Additional reporting by Michael Hudson of the International Consortium of Investigative Journalists.
The buyer, an Italian, was in town for a week, with a million or so dollars to spend. We met one Sunday morning at 20 Pine, a Financial District condo building. She wore a red scarf, jangly jewelry, and a pair of lime-green sunglasses perched atop her curly hair, and she told me she would prefer to remain anonymous. Working through a shell company, she was looking to anchor some of her wealth in an advantageous port: New York City.
The building’s lobby, designed in leathery tones by Armani, swirled with polylingual property talk. As the Italian and I waited for her broker, an Asian man sitting on a couch next to us asked, “You see the apartment?” But he didn’t wait for an answer, leaping up to join a handful of women speaking a foreign language heading toward the elevators.
After a few minutes, a fashionably stubbled young man swung through 20 Pine’s revolving door: Santo Rosabianca, a broker with Wire International Realty. The firm, run by Rosabianca’s brother Luigi, an attorney, specializes in catering to overseas investors. A first-generation American, Santo greeted the buyer with kisses and briefed her in Italian. She was searching for a property that would generate substantial rental income. “Wall Street is not my favorite place,” she told me. “But he says it is very good for rent.”
Like several other buildings she was being shown, 20 Pine was developed at the height of the real-estate bubble. After the crash of 2008, it became an emblematic disaster, with the developers selling units in bulk at desperation prices, until opportunistic foreigners swooped in with cash offers. The salvage deals are long gone, but 20 Pine retains its international appeal. The one-bedroom the Italian was looking at, on the 27th floor, had a view of the Woolworth Building, sleek finishes, a bachelor-size kitchen, and access to an exclusive terrace reserved for upper-floor residents. It was first purchased by an investment banker in early 2008 for $1.3 million, was resold in 2011 for $850,000, and was now back on the market for close to its prerecession price. Rosabianca told the Italian it would rent for more than $4,000 a month, enough to assure a healthy cash flow while its value appreciated. “There’s really no safer way to get that kind of return,” he said, “than in New York City real estate.”
This is not exactly true—there’s plenty of risk in real estate, as the original crop of purchasers at 20 Pine discovered—but that hardly dampens the enthusiasm of foreign buyers, who have become an overpowering force in New York’s real-estate market. According to data compiled by the firm PropertyShark, since 2008, roughly 30 percent of condo sales in large-scale Manhattan developments have been to purchasers who either listed an overseas address or bought through an entity like a limited-liability corporation, a tactic rarely employed by local homebuyers but favored by foreign investors. Similarly, the firm Corcoran Sunshine, which markets luxury buildings, estimates that 35 percent of its sales since 2013 have been to international buyers, half from Asia, with the remainder roughly evenly split among Latin America, Europe, and the rest of the world. “The global elite,” says developer Michael Stern, “is basically looking for a safe-deposit box.”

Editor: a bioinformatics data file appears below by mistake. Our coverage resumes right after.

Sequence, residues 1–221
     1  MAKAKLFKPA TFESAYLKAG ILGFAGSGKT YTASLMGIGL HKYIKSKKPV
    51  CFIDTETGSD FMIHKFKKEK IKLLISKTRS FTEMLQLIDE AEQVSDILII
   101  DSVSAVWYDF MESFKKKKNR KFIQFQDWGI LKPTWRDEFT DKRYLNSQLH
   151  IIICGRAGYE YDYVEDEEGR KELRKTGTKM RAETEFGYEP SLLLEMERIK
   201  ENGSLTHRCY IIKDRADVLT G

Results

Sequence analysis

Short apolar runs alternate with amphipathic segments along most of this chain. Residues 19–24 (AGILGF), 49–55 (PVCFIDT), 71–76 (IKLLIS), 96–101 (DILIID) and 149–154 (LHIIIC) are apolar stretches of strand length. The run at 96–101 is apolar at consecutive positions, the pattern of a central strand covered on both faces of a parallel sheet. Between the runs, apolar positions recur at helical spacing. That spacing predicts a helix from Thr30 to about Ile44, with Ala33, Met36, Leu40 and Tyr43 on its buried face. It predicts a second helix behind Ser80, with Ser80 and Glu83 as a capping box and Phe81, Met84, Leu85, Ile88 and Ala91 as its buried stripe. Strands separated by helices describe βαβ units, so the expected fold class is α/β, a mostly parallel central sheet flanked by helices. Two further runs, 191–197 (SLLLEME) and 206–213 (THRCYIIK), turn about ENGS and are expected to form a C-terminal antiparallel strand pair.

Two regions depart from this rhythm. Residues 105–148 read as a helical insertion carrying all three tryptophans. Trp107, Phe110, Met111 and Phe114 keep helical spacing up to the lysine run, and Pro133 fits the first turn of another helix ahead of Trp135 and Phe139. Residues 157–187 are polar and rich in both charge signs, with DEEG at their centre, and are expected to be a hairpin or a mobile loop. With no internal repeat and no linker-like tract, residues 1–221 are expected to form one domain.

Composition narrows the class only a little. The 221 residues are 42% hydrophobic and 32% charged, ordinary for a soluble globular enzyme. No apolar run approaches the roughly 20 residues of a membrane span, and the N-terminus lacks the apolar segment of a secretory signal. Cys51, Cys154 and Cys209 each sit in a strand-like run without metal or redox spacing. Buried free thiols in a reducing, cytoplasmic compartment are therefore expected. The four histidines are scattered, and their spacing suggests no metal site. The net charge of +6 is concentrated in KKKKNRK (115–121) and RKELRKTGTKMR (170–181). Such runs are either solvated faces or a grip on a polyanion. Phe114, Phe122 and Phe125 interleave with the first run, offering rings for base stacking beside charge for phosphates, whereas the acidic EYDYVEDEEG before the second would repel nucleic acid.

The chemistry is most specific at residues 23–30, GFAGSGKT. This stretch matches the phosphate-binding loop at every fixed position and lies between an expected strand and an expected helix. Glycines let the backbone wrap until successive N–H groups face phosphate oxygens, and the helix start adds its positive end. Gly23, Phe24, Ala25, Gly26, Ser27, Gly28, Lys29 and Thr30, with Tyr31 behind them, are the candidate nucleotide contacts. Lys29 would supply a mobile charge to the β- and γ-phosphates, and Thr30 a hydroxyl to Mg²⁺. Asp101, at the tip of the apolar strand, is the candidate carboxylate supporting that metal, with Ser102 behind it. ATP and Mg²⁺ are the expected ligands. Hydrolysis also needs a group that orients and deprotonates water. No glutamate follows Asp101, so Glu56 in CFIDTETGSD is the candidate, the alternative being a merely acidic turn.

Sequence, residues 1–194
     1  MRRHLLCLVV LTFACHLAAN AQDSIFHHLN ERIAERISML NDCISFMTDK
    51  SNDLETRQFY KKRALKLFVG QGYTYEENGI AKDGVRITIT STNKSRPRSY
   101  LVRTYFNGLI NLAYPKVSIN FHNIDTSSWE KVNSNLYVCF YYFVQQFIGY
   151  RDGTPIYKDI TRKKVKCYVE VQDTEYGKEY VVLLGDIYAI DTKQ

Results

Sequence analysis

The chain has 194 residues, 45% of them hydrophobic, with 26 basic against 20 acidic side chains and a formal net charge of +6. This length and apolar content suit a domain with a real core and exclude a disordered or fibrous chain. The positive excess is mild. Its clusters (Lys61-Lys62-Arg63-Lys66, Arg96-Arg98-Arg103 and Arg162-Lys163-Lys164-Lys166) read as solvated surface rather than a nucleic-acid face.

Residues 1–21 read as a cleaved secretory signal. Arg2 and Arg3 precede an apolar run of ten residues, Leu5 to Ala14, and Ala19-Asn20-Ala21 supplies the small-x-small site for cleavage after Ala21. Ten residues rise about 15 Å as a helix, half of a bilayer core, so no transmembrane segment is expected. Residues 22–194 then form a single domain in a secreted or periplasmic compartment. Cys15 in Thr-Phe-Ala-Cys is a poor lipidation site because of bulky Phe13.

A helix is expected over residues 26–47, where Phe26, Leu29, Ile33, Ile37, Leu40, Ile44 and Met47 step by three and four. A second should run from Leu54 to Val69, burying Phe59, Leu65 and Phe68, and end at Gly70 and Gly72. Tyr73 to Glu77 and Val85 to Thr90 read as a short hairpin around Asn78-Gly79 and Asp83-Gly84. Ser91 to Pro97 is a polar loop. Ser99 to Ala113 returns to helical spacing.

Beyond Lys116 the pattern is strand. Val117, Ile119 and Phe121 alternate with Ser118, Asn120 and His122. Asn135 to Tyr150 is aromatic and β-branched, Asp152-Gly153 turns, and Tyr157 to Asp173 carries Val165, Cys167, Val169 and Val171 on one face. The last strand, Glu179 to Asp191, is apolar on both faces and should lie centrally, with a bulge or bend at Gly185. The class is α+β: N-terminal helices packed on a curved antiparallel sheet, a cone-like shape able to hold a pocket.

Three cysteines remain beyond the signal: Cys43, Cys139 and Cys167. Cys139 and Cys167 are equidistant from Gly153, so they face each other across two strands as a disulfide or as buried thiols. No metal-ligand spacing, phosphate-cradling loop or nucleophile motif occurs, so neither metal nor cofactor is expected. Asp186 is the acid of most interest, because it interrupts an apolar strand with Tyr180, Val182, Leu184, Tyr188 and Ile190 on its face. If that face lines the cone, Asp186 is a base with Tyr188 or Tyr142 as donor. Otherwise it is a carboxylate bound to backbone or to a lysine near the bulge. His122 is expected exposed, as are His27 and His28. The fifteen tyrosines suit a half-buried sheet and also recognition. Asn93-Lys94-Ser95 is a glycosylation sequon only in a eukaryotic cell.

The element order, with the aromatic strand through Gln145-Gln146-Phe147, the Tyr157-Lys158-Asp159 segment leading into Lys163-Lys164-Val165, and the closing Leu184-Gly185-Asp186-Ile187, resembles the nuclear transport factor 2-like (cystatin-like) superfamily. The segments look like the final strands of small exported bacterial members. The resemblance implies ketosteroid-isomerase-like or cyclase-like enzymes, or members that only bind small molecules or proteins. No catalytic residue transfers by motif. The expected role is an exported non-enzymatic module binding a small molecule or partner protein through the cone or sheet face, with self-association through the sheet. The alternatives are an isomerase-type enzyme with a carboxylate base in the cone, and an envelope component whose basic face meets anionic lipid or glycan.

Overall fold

The influx of global wealth is most visible on the ultrahigh end, as Stern and other builders are erecting spiraling condo towers and sales records are regularly shattered by foreign billionaires, like the Russian fertilizer oligarch Dmitry Rybolovlev, purchaser of the most expensive condo in Manhattan’s history ($88 million), and Egyptian construction magnate Nassef Sawiris, who recently set the record for a co-op ($70 million). But much of the foreign money is coming in at lower price points, closer to the median for a Manhattan condo ($1.3 million and rising). In fact, if you’ve recently been outdone by an outrageous all-cash bid for an apartment, there’s a decent chance that, behind a generic corporate name, there’s a foreign buyer and an offshore bank account.
“A decade ago, it was just a small number of elite investors,” says Andrea Fiocchi, a lawyer at Reinhardt LLP, which caters to an international clientele. But now the market is broad and diversified: Fiocchi’s firm handled not only two of the ten most expensive residential sales in the city last year, but also a large volume of transactions at more mainstream prices. Buildings around Times Square and the Financial District are being marketed heavily overseas. One development project on John Street is “crowdfunding” $50,000 financing shares via the Prodigy Network, a marketing firm with offices in New York and Bogota. The Related Companies is using a federal program that promises green cards to foreign investors to raise cheap capital for its Hudson Yards project. (A website features a rendering and the slogan “Your Gateway to the U.S.A.”) Shortly before departing on a road show to Monte Carlo and other redoubts of European wealth a couple of months ago, one broker told me about his most adventurous strategy: buying, emptying, and renovating brownstones in Crown Heights. An Australian investment fund has done something similar in Bushwick.